Two equal horizontal bands of red (top) and green with a black isosceles triangle (based on the hoist side) all separated by a black-edged yellow stripe in the shape of a horizontal Y (the two points of the Y face the hoist side and enclose the triangle); centered in the triangle is a boar's tusk encircling two crossed namele fern fronds, all in yellow; red represents the blood of boars and men, as well as unity, green the richness of the islands, and black the ni-Vanuatu people; the yellow Y-shape - which reflects the pattern of the islands in the Pacific Ocean - symbolizes the light of the Gospel spreading through the islands; the boar's tusk is a symbol of prosperity frequently worn as a pendant on the islands; the fern fronds represent peace.
In 1977, a flag was designed by a local artist of Vanuatu named Kalontas Malon. The flag designed by him was adopted by the Vanua'aku Pati, a democratic socialist political party in Vanuatu, one of the two political parties formed during the independence movement in the country. The flag became the inspiration for the new national flag of independent Vanuatu when the party led the New Hebrides to independence. On February 18, 1980, the national flag of Vanuatu was formally adopted. It used the colors of the 1977 party flag. The new design was based on submissions from local artists.
Vanuatu's Coat of arms shows a Melanesian warrior with a spear in hand standing before a mountain. The tusk of a boar is extends vertically from behind the moutain and encircles two crossed namele fern (coconut palm) fronds. At the bottom of this design is a yellow banner bearing the words LONG GOD YUMI STANAP (Bislama language). The words translate to "IN GOD WE STAND." The coat of arms of Vanuatu was adopted in 1980.
Long God Yumi Stanap
"Yumi, Yumi, Yumi is Vanuatu's national anthem. The anthem was adopted in 1980. François Vincent Ayssav is both the lyricist and composer of this anthem.
Yumi, yumi, yumi i glat long talem se
Yumi, yumi, yumi ol man blong Vanuatu
God i givim ples ia long yumi,
Yumi glat tumas long hem,
Yumi strong mo yumi fri long hem,
Yumi brata evriwan!
Plante fasin blong bifo i stap,
Plante fasin blong tedei,
Be yumi i olsem wan nomo,
Hemia fasin blong yumi!
Yumi save plante wok i stap,
Long ol aelan blong yumi,
God i helpem yumi evriwan,
Hem i papa blong yumi!
We are, we are, we are happy to proclaim
We are, we are, we are the people of Vanuatu
God has given us this land,
We are grateful for this,
We are strong and we are free in this land,
We are all brothers!
Many customs of before we have,
Many customs from today,
But we are all one,
Despite our many ways!
We know there is plenty of work to be done,
On all our many islands,
God helps us in our work,
He is Our Father!
The currency used in Vanuatu is the vatu. It is abbreviated as VUV and the sign used to refer to it is VT. The Reserve Bank of Vanuatu is responsible for the issuance and regulation of the vatu in the Vanuatu economy.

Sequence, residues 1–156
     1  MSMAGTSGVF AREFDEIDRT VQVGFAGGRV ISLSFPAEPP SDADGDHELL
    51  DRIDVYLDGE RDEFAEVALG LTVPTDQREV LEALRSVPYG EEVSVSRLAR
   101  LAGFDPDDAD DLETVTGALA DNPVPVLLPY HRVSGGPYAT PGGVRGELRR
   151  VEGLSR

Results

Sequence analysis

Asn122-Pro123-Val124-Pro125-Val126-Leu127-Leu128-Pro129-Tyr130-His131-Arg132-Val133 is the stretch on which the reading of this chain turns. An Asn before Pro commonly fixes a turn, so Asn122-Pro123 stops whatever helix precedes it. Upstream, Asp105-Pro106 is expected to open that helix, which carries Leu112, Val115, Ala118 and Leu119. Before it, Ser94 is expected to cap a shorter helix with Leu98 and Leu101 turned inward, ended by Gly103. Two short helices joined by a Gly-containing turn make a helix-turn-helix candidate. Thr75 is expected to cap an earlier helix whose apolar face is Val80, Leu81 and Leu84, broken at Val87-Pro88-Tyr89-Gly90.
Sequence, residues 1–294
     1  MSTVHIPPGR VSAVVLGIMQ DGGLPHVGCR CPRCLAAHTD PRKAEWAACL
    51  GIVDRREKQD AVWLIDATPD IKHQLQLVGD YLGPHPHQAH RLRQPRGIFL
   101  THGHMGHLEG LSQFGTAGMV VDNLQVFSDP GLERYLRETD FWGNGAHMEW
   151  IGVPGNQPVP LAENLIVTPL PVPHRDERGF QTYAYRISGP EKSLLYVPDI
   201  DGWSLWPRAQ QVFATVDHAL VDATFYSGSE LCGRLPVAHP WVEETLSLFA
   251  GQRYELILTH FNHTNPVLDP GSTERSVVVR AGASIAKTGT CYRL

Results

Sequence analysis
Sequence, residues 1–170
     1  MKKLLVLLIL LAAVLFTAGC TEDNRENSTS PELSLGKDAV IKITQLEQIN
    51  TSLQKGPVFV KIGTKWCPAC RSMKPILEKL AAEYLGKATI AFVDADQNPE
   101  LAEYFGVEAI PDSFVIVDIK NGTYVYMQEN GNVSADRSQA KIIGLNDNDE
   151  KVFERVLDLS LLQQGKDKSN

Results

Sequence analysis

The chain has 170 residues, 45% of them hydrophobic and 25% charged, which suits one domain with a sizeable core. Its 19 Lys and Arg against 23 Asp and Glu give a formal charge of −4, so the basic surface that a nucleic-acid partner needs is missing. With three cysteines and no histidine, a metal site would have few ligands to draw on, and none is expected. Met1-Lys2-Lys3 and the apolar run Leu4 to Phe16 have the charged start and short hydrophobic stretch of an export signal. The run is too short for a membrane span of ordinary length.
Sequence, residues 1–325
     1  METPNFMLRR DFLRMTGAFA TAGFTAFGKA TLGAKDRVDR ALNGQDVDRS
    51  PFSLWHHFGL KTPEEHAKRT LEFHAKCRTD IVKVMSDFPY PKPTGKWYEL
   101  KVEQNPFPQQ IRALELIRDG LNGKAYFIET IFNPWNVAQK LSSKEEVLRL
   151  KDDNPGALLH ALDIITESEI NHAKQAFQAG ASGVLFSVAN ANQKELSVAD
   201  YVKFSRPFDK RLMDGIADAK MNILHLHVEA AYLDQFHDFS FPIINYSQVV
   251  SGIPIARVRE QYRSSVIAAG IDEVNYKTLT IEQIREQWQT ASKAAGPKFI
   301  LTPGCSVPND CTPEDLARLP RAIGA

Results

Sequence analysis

Before 1981, the currency used in Vanuatu was New Hebrides franc. One year after the nation received independence, this currency was replaced by the vatu at par. The vatu was issued without any sub-unit with 1 vatu being its smallest unit. The circulation of the Australian dollar ceased right after the introduction of the vatu.
50 vatu was the first coin to be issued after Vanuatu gained its independence in 1981. It was followed by 1, 2, and 5 vatus which were struck in aluminium bronze. Similar to the 50 vatu, the 10 and 20 vatu coins were also struck in cupro-nickel. The vatu coins had features of the Vanuatu coat of arms, traditional items of value, and pig’s tusks. Due to the Vanuatu colonial history, the sizes of the coins resemble that of their colonial rulers who were the French and British. For instance, the 100 coin which replaces the 100 note in 1988 resembles the British 1 pound coin in thickness and size. The Reserve Bank of Vanuatu stopped issuing the 1 and 2 vatu coins in 2011. As a result, prices are now rounded off to the nearest 5 vatu. In 2015, Vanuatu went through a coinage reform which saw minting of a new series of coins by the Royal Australian Mint. Consequently, the coins which are used presently are denominated as 1, 2, 5, 10, 20, 50, and 100 vatus.
The Central Bank of Vanuatu issued the first notes in March of 1982. The denominations introduced were 100, 500, and 1,000 vatu. In 1989, the 5,000 vatu was introduced. Shortly after in 1993, newly designed 500 and 1,000 vatu notes were issued. Then the Reserve Bank of Vanuatu issued another series of new notes which were printed on a polymer in 1994. The change was accompanied by the introduction of the 2,000 vatu note. Currently, the residents of Vanuatu deal in denominations of 200, 500, 1,000, 2,000, 5,000, and 10,000 vatu notes.
The polymer 10,000 vatu note was first issued on July 30, 2010 to celebrate Vanuatu’s 30 years of independence.
The New Hebrides Franc served as the currency of the Pacific island group of the New Hebrides (an Anglo French Condominium) that was to later become Vanuatu post-independence in 1980. This currency was used till 1980 to be replaced by the Vanuatu vatu in 1981. It was divided into 100 centimes but 1 franc was the smallest denomination.